15 Most Misspelled Words in English
English is influenced by every major language on Earth, including some that aren’t even used anymore, so spelling is bound to cause frustration. Our headstrong language does have rules, but not all words abide by them. The old “I before E, except after C”, for instance, was discarded when the exceptions were found to outnumber the words that followed it. Einstein might have chuckled, having broken it twice with just his name.
Nothing makes a writer look more like a yokel than a page full of misspelled words, and if that page happens to be a resume, the results will be disastrous. Once upon a time, spelling boiled down to memorization, but in this age of computers, as the infographic suggests, spell check is an easy fix.
You can easily download full-size poster version of the infographic here.
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Most who have spell check consider it a necessity, as even the most grizzled veteran writers encounter potholes. A university professor once remarked, “I was writing along, quick as you please, and I hit a wall in the form of the word ‘rabbit’. My mind went blank…was it one ‘B’ and two ‘Ts’? Two ‘Bs’ and one ‘T’? It was odd–I can write ‘cognitive neuropsychiatry’, but I get stuck on ‘rabbit’? Thank goodness for spell check.”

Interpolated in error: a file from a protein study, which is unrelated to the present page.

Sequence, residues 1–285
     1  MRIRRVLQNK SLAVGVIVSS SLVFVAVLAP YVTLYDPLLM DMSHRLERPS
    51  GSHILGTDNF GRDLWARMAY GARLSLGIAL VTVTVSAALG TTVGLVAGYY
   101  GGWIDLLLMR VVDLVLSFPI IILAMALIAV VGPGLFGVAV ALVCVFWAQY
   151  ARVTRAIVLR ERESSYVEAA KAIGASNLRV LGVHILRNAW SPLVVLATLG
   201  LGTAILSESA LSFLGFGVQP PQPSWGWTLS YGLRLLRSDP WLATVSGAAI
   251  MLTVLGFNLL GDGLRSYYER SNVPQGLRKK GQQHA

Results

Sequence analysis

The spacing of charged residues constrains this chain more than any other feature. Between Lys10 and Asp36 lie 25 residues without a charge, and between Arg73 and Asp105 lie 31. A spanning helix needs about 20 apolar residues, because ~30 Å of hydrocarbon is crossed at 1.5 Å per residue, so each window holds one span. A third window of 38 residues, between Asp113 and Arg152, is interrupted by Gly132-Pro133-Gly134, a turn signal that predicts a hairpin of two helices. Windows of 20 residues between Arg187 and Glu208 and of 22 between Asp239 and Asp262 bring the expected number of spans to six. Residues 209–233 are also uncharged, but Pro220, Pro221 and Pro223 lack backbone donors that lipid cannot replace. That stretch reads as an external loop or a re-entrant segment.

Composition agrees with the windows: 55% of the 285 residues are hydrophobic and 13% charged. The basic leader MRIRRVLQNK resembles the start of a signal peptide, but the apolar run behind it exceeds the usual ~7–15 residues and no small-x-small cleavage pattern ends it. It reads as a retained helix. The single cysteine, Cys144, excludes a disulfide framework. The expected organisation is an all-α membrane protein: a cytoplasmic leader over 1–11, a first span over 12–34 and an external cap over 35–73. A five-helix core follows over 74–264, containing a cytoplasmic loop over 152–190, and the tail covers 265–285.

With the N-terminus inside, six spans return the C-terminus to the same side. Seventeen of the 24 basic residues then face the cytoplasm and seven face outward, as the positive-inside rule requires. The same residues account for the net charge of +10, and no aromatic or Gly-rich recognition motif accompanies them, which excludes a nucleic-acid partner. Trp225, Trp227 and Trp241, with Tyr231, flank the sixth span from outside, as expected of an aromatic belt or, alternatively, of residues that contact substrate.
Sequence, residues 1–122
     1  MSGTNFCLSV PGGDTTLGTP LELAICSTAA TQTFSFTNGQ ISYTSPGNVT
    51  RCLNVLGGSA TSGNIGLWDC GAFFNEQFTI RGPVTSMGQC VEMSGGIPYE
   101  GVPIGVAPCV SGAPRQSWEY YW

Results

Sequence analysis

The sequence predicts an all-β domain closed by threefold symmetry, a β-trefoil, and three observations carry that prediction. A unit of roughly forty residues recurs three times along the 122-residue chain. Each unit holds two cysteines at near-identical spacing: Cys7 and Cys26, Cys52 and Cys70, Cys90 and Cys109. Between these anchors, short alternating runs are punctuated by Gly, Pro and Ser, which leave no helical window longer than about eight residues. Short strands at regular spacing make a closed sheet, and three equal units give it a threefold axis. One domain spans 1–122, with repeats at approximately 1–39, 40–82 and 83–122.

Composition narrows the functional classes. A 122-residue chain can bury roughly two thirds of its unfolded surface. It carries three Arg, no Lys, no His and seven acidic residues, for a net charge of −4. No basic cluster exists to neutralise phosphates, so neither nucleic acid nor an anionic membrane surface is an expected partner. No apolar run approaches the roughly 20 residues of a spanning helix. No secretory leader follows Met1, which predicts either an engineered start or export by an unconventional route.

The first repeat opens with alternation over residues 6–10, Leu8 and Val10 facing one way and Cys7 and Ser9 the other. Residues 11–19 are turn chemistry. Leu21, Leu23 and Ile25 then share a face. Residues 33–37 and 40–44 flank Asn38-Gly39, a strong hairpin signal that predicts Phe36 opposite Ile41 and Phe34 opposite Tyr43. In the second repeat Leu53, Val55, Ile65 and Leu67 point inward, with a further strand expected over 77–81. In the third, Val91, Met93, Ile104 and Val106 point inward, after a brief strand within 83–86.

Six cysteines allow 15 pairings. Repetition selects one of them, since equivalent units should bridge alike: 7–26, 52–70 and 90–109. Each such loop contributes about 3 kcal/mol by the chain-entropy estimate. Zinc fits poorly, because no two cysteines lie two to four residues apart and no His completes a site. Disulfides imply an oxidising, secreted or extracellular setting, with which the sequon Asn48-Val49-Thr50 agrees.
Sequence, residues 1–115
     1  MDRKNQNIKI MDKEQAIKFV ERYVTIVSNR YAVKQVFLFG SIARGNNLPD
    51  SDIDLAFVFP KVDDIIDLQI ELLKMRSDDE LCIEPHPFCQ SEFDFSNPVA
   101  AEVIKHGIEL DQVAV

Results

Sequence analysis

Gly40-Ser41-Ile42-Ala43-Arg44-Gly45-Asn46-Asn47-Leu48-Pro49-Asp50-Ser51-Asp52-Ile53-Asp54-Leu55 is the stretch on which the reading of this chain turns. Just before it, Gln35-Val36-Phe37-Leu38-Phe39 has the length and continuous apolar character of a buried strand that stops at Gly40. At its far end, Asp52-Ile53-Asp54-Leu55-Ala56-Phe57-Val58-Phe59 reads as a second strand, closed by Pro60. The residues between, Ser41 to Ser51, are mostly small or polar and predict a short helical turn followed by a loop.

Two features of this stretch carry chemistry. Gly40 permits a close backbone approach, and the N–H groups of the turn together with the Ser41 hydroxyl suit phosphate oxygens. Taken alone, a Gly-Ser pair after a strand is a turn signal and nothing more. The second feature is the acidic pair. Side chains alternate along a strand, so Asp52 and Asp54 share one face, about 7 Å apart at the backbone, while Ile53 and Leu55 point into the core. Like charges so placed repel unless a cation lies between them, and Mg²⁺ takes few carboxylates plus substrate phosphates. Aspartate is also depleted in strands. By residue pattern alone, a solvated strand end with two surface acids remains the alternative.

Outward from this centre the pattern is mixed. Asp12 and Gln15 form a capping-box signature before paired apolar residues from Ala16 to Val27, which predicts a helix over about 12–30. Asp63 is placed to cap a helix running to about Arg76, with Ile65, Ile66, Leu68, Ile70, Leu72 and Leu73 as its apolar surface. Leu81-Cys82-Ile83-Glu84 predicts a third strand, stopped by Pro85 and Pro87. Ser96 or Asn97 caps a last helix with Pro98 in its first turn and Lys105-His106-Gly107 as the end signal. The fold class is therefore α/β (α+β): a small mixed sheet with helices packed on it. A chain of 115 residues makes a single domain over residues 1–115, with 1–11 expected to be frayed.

The most misspelled words in the English language are not pulled from college term papers, they are in everyday writing. While reading through this list of the 15 most commonly misspelled words (when your nose begins to bleed and your eye starts to twitch), remember that there is an easy solution: spell check.
1: Their–confusion may come from “thief”.
2: A lot–“alot” isn’t a word.
3: Received–there’s that “I” and “E” again.
4: Separate–confusion is probably caused by the pronunciation.
5: Until–one “L”: “Till the earth until it’s ready.”
6: Because–“A” and “U” are commonly swapped.
7: Beginning–two “Ns”.
8: Different–spoken, the first “E” isn’t enunciated, so it’s often left out.
9: Occurred–two “Cs”, two “Rs”.
10: Believe–it actually follows the old rule.
11: Behavior–no “U” for American spelling.
12: Which–don’t forget that first “H”.
13: Truly–“true” loses its “E” when adding “ly”, but–
14: Really–“real” gains an “L”.
15: Definitely–an “A” often sneaks in.
As this infographic proves, the most commonly misspelled words are the ones we use every single day. By taking a minute and spell checking your work, you can avoid these blunders and, in doing so, appear more professional in a business email, come off as more caring and considerate in a birthday card (because you took the time to perfect and polish your writing), and simply be viewed by the world at large as a more educated, conscientious individual. Spelling matters in real life, not just in English class!
Have any misspellings captured your keyboard this year, or have you been able to conquer them with clever mnemonic strategies?
You are very welcome to share them in the comments.